The shift in judicial attitude, in recent times, which ultimately precipitated in the form of a court ordered mediation, commenced on 21st March 2017, when Justice Kehar remarked, “Give a bit, take a bit. Make an effort to sort it out. There are issues best decided jointly. These are issues of sentiments and religion. The court should come in the picture only if you cannot settle it.” The courts finally recognised the sentiments of millions attached to the dispute on 5th December 2017 when the court opined, “judicial notice taken of the fact that the present case being the Ramjanmabhoomi/Babri Masjid case, is no ordinary arising out of ordinary suits.”

In the process of interpreting and perceiving the dispute the court identified healing and collective understanding as the raison d’être of its judgement. The Chief Justice of India, Ranjan Gogoi, therefore, referred the case for mediation saying, “the case was not about property, but about the mind, heart and healing-if possible.” The court on the 8th of March 2019 stated, “We have suggested to the parties that during the interregnum a court appointed and court monitored mediation with utmost confidentiality could be initiated to bring a permanent solution to the issues raised in the cases.”

The paragraph concludes, “In doing so, we have also kept in mind the mandate of Section 89 of the Code of Civil Procedure, 1908.” The aforementioned shift in the collective conscience of the judiciary and the jurists is indicative of adopting processes of mediation as the most viable alternative. The reasons for its apropos applicability have been illustrated in the following section.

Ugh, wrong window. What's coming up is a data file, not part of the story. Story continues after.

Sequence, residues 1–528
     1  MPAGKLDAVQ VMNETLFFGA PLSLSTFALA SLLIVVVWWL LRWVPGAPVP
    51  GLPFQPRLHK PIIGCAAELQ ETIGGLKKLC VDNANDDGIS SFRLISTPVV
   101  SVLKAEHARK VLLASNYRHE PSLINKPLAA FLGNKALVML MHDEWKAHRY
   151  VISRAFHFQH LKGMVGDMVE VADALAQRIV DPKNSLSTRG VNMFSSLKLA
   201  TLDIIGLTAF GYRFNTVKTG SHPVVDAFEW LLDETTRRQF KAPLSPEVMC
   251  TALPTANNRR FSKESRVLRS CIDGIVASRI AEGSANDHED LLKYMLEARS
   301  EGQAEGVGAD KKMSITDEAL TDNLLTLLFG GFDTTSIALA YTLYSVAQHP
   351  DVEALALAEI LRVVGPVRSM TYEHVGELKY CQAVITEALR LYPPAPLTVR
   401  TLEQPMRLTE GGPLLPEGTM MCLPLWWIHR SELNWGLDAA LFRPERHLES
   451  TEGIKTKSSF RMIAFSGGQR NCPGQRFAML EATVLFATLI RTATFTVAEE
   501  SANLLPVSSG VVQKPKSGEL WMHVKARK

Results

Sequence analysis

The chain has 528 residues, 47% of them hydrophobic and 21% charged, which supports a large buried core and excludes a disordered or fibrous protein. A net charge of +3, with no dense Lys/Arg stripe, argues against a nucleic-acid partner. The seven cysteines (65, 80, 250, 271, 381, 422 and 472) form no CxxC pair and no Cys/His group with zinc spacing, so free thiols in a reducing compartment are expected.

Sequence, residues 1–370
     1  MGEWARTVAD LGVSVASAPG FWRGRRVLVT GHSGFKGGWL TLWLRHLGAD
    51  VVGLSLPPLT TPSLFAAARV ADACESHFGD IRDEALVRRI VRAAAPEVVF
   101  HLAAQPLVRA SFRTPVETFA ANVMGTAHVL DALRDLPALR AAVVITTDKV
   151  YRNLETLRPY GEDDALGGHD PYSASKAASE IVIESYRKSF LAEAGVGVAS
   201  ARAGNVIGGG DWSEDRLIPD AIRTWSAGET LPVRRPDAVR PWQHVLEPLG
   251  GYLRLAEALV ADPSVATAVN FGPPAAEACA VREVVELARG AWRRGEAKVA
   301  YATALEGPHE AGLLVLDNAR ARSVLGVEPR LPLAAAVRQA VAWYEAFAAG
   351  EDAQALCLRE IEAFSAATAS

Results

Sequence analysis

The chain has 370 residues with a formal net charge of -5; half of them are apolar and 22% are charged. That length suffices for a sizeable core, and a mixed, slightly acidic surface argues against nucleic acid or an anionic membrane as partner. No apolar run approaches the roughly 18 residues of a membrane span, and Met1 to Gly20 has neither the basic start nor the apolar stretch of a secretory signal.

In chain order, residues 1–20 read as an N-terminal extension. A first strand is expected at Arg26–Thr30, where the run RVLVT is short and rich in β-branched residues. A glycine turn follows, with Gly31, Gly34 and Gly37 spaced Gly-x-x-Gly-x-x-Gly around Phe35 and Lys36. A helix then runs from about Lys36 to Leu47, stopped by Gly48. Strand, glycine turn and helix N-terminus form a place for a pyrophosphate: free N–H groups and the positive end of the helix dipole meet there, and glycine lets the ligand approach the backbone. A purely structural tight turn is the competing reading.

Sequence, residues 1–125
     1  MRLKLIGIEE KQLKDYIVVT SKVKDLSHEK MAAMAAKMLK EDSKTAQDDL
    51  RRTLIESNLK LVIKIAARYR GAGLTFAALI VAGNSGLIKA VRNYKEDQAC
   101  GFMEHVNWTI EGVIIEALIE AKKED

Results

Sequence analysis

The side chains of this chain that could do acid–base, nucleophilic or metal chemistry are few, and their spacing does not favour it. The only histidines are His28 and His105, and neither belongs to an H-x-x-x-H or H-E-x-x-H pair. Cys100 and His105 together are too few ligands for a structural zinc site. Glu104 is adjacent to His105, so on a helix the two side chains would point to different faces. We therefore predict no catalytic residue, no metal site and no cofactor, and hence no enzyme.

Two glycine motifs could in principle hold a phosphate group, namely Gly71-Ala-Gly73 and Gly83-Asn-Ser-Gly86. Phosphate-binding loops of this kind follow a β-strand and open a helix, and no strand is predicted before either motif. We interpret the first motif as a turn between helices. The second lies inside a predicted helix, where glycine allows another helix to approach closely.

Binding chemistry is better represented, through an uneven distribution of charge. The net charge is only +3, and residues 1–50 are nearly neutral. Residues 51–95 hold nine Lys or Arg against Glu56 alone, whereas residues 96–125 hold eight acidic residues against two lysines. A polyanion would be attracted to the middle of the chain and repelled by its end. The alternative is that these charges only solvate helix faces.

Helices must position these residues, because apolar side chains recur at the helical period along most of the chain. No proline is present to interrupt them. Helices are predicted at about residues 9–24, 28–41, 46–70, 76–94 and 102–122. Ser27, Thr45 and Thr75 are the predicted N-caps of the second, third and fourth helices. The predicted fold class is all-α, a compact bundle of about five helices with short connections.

Compromise is the best lawyer : Negotiating the principles of Faith

Mediation of faith, as a peaceful way of dispute resolution, was practiced actively in the Roman, Confucian and Buddhist and South Asian communities, in fact the mediator was regarded as a sacred figure, the bringer of peace in the community. One must be drawn to think, the problems of man are as old as man itself. In the absence of the institution of a formal system of dispute litigation these problems were resolved through a system of negotiated compromise. As noted author Christopher Moore states, “Mediation is essentially a negotiation that includes a third party who is knowledgeable in effective negotiation procedures and can help people in conflict to co-ordinate their activities and to be more effective in their bargaining.